WA wheat field

The USDA recently held their global outlook forum, a two-day conference to release forecasts for domestic US and global supply, demand, and prices. Word on the street is that prices across the ag complex will remain under pressure for 2024.

The USDA recently held their global outlook forum, a two-day conference to release forecasts for domestic US and global supply, demand, and prices. Word on the street is that prices across the ag complex will remain under pressure for 2024.

 

Among the raft of data, some of the key takeaways are:

 

·         US tipped for record yields and building stocks.

·         US corn stocks seen at their highest since 1987/88.

·         French wheat stocks highest in 5 years.

·         Russian wheat production upped to 93.6mmt (per SovEcon).

·         The rise and rise of Brazil as an agricultural powerhouse.

 

The price signals, especially for corn, are weak. Reuters reports that US farmers will sow 91m acres in 2024, down from 94.6m last year. The lost acres will be replaced by soybeans.  This is also reflected in Ukraine where the Agriculture Ministry reports a 7% swing away from corn due to poor economic returns, but also a 6% decrease in sown winter crops, mainly wheat and canola.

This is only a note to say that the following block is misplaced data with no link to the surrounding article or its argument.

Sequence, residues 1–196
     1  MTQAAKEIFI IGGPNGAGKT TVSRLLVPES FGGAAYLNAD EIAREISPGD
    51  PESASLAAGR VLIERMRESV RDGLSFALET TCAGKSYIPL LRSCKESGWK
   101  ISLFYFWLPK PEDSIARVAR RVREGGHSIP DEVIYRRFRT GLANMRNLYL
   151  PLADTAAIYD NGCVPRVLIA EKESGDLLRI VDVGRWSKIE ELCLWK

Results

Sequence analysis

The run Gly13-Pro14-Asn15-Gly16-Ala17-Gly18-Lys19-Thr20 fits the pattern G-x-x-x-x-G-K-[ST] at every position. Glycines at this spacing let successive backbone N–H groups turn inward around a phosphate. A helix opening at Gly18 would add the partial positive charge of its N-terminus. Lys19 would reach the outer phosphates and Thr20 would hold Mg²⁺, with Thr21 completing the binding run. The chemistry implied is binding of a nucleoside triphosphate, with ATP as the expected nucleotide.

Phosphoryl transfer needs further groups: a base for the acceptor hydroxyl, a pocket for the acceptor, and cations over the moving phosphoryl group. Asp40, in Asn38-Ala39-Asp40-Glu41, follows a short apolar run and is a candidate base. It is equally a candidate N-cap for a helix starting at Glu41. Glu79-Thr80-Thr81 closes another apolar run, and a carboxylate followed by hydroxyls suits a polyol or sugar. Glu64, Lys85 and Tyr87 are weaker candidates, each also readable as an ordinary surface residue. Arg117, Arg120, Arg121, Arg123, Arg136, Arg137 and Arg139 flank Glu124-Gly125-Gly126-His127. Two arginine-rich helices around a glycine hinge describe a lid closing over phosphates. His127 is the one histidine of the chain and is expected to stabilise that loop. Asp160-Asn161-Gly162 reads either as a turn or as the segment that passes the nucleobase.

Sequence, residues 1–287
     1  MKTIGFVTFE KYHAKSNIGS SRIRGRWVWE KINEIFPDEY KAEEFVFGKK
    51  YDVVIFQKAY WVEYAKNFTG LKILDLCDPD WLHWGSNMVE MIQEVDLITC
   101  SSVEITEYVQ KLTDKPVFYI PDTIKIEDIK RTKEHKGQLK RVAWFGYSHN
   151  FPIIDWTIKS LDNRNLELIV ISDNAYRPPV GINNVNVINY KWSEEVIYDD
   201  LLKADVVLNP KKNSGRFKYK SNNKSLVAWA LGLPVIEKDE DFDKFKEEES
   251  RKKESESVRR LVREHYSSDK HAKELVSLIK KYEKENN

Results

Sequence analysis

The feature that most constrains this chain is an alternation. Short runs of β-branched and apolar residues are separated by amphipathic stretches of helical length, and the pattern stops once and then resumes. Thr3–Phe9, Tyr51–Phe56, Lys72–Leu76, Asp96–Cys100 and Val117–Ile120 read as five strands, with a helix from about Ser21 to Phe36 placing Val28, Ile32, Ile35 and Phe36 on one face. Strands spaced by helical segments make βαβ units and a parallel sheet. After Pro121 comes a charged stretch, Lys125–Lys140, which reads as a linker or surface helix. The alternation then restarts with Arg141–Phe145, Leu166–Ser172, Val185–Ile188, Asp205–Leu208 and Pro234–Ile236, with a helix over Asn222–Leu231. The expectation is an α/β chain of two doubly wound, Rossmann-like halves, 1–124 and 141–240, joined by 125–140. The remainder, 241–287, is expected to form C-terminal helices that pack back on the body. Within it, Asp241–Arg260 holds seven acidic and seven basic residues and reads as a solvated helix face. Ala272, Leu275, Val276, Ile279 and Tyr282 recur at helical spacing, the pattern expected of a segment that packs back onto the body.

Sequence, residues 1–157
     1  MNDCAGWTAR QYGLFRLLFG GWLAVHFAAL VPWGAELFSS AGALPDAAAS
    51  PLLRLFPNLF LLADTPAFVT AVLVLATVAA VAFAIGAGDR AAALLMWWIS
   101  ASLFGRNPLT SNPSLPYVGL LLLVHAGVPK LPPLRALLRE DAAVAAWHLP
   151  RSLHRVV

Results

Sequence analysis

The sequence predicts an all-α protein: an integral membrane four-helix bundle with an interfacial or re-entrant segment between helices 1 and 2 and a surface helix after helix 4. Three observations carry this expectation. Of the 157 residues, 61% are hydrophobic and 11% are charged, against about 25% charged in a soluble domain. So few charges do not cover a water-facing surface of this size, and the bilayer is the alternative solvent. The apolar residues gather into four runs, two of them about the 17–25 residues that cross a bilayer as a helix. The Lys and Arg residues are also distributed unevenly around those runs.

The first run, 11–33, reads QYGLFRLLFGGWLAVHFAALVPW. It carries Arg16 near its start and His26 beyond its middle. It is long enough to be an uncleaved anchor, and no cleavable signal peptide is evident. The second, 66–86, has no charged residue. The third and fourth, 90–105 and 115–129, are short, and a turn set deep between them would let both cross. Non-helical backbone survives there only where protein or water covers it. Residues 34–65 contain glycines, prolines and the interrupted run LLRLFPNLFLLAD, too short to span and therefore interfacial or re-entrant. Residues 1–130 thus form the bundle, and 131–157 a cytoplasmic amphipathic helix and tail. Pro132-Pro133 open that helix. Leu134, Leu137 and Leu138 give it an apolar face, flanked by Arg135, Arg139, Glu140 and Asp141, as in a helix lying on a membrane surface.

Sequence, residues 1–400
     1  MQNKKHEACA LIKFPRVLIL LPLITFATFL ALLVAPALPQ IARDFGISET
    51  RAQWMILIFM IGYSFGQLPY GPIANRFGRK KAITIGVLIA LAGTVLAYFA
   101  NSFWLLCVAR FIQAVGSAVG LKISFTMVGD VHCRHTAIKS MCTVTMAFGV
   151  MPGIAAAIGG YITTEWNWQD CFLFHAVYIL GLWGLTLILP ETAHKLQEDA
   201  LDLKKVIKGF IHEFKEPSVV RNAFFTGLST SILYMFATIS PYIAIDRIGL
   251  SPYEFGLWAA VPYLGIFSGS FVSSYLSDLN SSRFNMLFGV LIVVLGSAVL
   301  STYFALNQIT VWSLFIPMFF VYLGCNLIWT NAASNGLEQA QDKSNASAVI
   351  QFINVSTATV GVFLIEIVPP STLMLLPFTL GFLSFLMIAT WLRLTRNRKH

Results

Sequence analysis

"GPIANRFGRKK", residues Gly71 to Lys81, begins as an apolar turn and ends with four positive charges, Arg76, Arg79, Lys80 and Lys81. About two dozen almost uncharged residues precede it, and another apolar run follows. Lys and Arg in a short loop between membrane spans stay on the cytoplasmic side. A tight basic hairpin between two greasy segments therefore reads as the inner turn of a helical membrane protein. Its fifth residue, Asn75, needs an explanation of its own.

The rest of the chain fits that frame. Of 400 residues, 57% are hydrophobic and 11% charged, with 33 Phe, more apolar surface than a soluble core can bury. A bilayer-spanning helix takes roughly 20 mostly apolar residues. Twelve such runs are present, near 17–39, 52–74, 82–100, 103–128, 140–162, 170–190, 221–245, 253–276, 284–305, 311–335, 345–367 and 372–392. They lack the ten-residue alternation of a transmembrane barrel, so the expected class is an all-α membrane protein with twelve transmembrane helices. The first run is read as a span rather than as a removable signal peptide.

The main catalyst to turn this ship around will stem from demand. Last night Egypt tendered for wheat. They were offered 1.8mmt and bought 120kmt. The ‘winners’ of the tender were Romania and Ukraine who outbid Russia for the business. The Ukrainian tender was super sharp, US$222 FOB compared with the Russian offer of US$245. It shows that the market may still have some work to do to find the floor.

 

In the short term, there is little to get really enthused about. The price outlook estimates released by the USDA are just that. The only practical thing they can be used for is the US Federal insurance crop scheme. The crop hasn’t been planted yet, weather (La Niña?) and crop economics will play a part in determining the final sown area. 

Next week

Predicting price outlook is a bit like regularly tipping Powerball. Weather, politics, economic pressures, demand, and the odd black swan event will all combine to rock the boat over the next 10 months. All we can do is manage price risk when the opportunities arise.

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Data sources: USDA, Reuters, SovEcon, Mecardo

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